In 2000, the El Rancho casino, once upon a time the Thunderbird and later renamed in semi-homage to the burned-down El Rancho Vegas (think distinctive windmill) across the street (where the ground in the vacant lot allegedly still smells of the fire, 50 years later), was demolished.

I don't know when Turnberry Place, the first of several eyesore condos going up on the Strip, covered up the old El Rancho sign, but El Rancho's been an unknown entity to Vegas newcomers for some time. This past summer I stood whole minutes under the Turnberry sign, watching the canvas flutter, desperate to see a little peek of the old El Rancho underneath. It's an armchair archaeologist thing.

Now here we are in February, and last night I hopped on "The Deuce" for the first time to go downtown. Save a quick drive-by, I haven't been downtown in five years, not since I was a tourist. Not because I hate downtown, but because I'd hate to be caught near downtown at night with a car problem. I'm just an unrepentant snob that way.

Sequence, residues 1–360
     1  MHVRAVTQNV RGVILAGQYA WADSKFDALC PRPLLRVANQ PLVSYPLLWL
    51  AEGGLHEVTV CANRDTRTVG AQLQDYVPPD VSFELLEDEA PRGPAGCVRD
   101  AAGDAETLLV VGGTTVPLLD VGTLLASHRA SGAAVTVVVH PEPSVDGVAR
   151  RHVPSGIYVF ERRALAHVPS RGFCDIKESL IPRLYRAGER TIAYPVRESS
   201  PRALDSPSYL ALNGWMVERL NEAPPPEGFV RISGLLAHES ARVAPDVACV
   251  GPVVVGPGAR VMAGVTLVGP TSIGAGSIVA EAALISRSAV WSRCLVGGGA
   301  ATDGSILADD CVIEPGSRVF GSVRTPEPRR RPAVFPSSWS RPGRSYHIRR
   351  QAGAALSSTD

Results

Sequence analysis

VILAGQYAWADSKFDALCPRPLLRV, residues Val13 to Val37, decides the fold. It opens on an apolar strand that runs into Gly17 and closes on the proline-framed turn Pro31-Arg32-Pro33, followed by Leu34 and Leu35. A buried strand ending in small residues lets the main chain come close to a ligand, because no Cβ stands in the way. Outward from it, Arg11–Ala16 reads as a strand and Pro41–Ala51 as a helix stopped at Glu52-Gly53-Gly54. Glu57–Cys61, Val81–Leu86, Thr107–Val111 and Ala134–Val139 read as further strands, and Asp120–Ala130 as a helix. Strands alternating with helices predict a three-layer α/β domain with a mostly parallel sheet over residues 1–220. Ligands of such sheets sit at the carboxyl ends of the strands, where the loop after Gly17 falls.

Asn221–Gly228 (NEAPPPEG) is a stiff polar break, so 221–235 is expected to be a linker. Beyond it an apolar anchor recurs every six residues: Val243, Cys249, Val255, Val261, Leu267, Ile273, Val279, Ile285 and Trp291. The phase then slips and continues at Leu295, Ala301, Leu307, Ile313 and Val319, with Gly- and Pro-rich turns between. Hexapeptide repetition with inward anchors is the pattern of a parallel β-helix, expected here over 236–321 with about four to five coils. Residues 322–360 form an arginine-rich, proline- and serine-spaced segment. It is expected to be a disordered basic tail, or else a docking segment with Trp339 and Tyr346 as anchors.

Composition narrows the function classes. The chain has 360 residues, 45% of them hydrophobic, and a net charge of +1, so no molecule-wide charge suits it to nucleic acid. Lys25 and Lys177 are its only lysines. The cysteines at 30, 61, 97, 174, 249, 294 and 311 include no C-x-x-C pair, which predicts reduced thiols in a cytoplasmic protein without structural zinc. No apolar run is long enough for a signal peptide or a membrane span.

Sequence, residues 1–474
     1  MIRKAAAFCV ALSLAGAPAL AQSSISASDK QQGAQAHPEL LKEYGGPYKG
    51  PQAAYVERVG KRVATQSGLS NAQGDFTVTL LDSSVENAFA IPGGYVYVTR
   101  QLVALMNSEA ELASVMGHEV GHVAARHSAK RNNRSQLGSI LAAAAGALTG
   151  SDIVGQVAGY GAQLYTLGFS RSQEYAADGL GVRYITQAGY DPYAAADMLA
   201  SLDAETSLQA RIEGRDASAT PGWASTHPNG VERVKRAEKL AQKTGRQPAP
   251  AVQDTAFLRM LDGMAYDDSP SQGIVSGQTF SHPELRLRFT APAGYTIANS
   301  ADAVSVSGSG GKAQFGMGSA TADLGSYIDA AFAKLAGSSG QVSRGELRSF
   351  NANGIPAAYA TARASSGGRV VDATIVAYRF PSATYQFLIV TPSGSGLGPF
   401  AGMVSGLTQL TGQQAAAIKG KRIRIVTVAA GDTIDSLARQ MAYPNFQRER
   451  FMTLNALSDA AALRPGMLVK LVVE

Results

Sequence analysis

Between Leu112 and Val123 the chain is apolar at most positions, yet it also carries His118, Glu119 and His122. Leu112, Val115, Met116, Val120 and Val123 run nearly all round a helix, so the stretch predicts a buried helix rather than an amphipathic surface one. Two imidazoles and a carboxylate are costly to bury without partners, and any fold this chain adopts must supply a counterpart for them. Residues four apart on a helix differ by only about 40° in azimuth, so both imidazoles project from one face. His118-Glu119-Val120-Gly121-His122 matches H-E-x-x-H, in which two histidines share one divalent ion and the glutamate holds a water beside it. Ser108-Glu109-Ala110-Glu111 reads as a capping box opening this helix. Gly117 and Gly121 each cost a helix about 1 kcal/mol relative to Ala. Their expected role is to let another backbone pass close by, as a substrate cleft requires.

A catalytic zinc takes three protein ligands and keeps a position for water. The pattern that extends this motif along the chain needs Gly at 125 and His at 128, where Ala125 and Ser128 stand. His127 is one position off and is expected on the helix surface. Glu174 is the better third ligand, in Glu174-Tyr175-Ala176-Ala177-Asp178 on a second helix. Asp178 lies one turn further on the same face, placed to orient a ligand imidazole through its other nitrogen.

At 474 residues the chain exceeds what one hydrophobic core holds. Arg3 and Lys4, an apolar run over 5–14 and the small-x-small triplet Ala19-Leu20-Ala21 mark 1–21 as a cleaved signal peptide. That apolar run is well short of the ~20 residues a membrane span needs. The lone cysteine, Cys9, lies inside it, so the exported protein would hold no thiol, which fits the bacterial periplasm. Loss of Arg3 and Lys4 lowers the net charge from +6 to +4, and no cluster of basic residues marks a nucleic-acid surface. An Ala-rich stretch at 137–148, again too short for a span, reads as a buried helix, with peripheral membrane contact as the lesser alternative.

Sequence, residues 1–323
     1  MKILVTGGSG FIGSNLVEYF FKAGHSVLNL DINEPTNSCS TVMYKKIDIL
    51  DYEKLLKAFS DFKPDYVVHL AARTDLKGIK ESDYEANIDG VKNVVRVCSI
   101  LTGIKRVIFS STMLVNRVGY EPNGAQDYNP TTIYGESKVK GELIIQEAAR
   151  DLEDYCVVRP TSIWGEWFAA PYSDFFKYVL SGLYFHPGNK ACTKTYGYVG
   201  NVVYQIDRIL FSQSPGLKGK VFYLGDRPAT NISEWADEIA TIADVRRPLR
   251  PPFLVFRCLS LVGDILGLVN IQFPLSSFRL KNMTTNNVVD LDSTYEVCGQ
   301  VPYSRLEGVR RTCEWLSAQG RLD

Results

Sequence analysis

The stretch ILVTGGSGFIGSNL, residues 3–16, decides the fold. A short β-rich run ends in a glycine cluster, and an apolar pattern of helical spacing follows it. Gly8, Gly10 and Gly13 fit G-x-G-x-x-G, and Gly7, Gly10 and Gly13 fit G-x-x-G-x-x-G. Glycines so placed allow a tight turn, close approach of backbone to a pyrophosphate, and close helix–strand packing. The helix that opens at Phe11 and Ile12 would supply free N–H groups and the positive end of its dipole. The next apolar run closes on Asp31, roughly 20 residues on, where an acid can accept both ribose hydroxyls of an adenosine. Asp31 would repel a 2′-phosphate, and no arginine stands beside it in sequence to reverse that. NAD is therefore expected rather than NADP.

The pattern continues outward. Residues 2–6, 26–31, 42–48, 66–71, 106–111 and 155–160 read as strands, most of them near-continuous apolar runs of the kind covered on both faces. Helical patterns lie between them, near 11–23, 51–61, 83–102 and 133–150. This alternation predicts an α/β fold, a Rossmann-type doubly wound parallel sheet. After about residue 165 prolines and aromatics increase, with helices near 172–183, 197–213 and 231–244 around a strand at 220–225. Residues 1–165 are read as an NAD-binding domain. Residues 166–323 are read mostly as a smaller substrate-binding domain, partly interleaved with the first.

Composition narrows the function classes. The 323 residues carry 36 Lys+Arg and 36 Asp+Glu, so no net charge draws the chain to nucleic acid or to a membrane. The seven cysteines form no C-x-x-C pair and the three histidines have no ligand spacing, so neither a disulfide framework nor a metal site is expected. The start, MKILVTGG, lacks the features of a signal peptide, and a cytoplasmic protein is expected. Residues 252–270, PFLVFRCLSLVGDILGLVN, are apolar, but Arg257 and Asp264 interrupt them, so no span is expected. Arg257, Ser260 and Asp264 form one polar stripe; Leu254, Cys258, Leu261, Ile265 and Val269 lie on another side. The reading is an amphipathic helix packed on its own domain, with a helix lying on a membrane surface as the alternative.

So, I was on the upper deck, the thrill having worn off twenty minutes earlier and the possibility of a flat tire near Olympic Gardens looking better and better as we inched up the Strip in Saturday night traffic. And I looked up. I looked up, and for one second everything was almost-normal. No. No. Something's off. Something's... whoa.


Something has happened to one side of the Turnberry sign, and we can see the El Rancho waving from the grave, perhaps even fooling hundreds of tourists into asking, "what's that?"

It should be noted that no one else on the bus shared my enthusiasm, but that's because I was the only fun person there. I'm just saying.

It's like, as I said to Mike, looking at the Venetian and suddenly seeing a bit of the old Sands poking up through the roof. Maybe even rising from the water, forcing the gondolas to paddle around. ("That would be cool!" he said. Well, yeah, but this is cool, too. It is!)